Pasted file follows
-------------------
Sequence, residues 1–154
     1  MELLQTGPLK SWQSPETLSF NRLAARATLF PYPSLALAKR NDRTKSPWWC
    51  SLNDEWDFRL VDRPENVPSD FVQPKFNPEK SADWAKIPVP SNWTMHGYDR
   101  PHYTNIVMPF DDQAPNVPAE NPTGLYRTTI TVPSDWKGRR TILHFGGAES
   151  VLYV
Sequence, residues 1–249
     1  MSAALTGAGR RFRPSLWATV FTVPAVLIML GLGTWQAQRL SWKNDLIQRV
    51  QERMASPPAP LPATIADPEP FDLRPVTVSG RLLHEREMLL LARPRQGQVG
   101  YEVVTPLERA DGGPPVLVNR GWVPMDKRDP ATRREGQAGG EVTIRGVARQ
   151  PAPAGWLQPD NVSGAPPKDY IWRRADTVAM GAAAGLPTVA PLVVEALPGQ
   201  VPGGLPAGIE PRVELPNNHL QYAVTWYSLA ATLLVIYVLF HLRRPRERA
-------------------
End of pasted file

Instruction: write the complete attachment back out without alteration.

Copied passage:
Sequence, residues 1–154
     1  MELLQTGPLK SWQSPETLSF NRLAARATLF PYPSLALAKR NDRTKSPWWC
    51  SLNDEWDFRL VDRPENVPSD FVQPKFNPEK SADWAKIPVP SNWTMHGYDR
   101  PHYTNIVMPF DDQAPNVPAE NPTGLYRTTI TVPSDWKGRR TILHFGGAES
   151  VLYV
Sequence, residues 1–249
     1  MSAALTGAGR RFRPSLWATV FTVPAVLIML GLGTWQAQRL SWKNDLIQRV
    51  QERMASPPAP LPATIADPEP FDLRPVTVSG RLLHEREMLL LARPRQGQVG
   101  YEVVTPLERA DGGPPVLVNR GWVPMDKRDP ATRREGQAGG EVTIRGVARQ
   151  PAPAGWLQPD NVSGAPPKDY IWRRADTVAM GAAAGLPTVA PLVVEALPGQ
   201  VPGGLPAGIE PRVELPNNHL QYAVTWYSLA ATLLVIYVLF HLRRPRERA